"On State Website, Calls for Vigilante Justice" was first published by The Texas Tribune, a nonprofit, nonpartisan media organization that informs Texans — and engages with them — about public policy, politics, government and statewide issues.
Texans advocating extreme solutions to secure the border — including land mines and booby traps on Texas farmland along the Rio Grande — have a new forum to share their views: a website operated by the Texas Department of Agriculture.
Texas Agriculture Commissioner Todd Staples launched protectyourtexasborder.com last week to allow ranchers and farmers living on or close to the border to share stories, pictures and videos that document their daily struggles with drug cartels and undocumented immigrants. Staples said the purpose of the site, which can be accessed from the agriculture department’s web page, is to give the producers of the nation's food and livestock a portal to pressure the federal government to pay closer attention to their security.
But they're not just sharing their stories. A message board where site visitors can register, log in and post their proposed solutions includes calls to violence.
User jcarrott suggests: “The most well known fighters of our Revolutionary war were not trained, they used hide and shot tactics that would work great today… If we — Americans — start shooting the bad guys, they will get the message!"
2$Bill offers methods like "watch groups, community patrols, land mines, tiger traps and roving packs of rabid [weasels]."
BTKKilla is more succinct, advising: “Killem all!!!! They are destroying or great country.”
Agriculture Department spokesman Bryan Black said the message board is there to “offer transparent, open debate and positive suggestions." But he acknowledged that hateful language and talk of vigilante justice is unacceptable, and said the department is working to delete those posts. Black pointed to a site disclaimer noting that comments from readers are “in no way intended to represent the views of the Texas Department of Agriculture, Commissioner Staples or TDA staff.”
But some federal lawmakers are still uneasy. U.S. Rep. Silvestre Reyes, D-El Paso, called the site nothing more than a propaganda campaign that contradicts what crime statistics reflect about the Texas border. "The website leaves the impression that Texas border communities are dangerous, when, in fact, cities such as El Paso, McAllen, and Brownsville are safer than most other cities in Texas, including Austin,” he said. “Our state is facing a $27 billion budget crisis, and our state leaders are wasting scarce tax dollars to support a platform that portrays rural Texas like rural Afghanistan.”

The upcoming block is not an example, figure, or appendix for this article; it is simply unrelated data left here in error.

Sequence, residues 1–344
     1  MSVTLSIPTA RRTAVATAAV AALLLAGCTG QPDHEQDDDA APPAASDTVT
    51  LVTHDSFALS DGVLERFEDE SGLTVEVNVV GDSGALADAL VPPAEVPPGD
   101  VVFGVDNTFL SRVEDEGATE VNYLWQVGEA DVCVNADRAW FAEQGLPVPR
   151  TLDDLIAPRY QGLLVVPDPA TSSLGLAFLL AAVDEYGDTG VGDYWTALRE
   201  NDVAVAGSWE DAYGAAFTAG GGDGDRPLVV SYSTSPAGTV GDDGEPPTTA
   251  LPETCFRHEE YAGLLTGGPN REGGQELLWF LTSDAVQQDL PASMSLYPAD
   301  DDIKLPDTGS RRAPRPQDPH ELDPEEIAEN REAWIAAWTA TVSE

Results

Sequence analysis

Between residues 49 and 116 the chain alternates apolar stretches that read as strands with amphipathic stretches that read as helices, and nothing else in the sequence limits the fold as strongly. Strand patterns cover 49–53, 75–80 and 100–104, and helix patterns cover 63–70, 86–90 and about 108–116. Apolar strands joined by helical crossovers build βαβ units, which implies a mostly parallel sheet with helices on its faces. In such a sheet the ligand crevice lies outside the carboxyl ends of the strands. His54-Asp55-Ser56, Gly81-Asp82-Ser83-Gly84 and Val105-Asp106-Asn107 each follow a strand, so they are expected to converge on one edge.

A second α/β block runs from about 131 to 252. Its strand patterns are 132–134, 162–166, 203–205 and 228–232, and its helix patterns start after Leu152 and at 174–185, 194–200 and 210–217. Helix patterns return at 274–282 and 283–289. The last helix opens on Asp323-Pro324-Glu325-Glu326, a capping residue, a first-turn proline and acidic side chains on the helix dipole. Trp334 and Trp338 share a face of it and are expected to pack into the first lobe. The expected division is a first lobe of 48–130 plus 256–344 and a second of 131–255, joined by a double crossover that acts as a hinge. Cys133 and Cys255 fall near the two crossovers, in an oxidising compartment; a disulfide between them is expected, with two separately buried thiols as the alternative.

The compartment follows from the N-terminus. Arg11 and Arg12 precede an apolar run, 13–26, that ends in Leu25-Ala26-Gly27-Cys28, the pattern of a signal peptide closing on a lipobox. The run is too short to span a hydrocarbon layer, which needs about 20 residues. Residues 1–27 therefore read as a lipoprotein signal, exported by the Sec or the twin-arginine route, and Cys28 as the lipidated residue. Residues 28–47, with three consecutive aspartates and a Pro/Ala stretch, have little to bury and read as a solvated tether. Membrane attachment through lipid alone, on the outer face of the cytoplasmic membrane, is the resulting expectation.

U.S. Rep. Henry Cuellar, D-Laredo, whose district encompasses a huge swath of South Texas from Laredo to the Rio Grande Valley, said Republicans in Texas should take their concerns to Republicans in Washington. The current budget proposed by the GOP-controlled U.S. Congress eliminates $350 million in funding for border security, fencing, infrastructure and technology, he said, and cuts roughly 870 positions. “I am not going to deny that" the border needs to be secured, he said, "but to paint it the way they are painting it, they are painting one extreme position."
The website isn't all comments. It includes such features as a night-vision video of a police chase that ends when a car plunges into the river, and an interview with a Texas Ranger, Arthur Barrera, who backs up the claims that the region is under siege. “Tractor operators are being accosted by these guys, threatening them,” he says in the video. “They fear for their lives, they have family. We are in a war and I am not going to sugarcoat it by any means. We are in a war, and it is what it is.”
In a separate video clip, former farmer Joe Aguilar explains why he decided to leave his life's work. “When you see Mexican soldiers on your side of the border, on your property, twice, I think that’s when I called it [quits],” he says. “It’s not a good feeling, I mean, if you’ve been doing something all your life, and you have to change from there. Now I am behind a desk. My hands are so slick, and I am not used to that.”
A spokesman from Grupo Savant, a security and intelligence consulting firm based in Washington, D.C., said the threats to farmers and ranchers are real, but that they're not being directly targeted. They're at risk simply because of their proximity to the border. “The threat comes from smugglers and crossers that operate on both sides of the border as they bring their drugs or human cargoes across to the U.S.,” the agency said in a statement. Grupo Savant recommends that farmers and ranchers "be armed for self-defense purposes, especially if living or working on the actual border.”
Staples likens the cartels to terrorists. In a statement on the site, he suggests that the federal government has sent thousands of troops to foreign lands for the war on terror while not doing enough to address the "growing threat here at home." According to Staples’ office, Texas’ border counties produce a combined 1,200 million pounds of grapefruit, oranges, cabbage, onions, potatoes, cantaloupes, honeydew melons and watermelons a year. They are also responsible for more than 332,000 head of cattle that produce about 250 million pounds of beef annually.
Black, the Agriculture Department spokesman, said the safety of American citizens on their own land is not something up for debate. “The federal government has a duty to protect its citizens and secure the United States border, and in Texas, that duty is not adequately being fulfilled,” he said.
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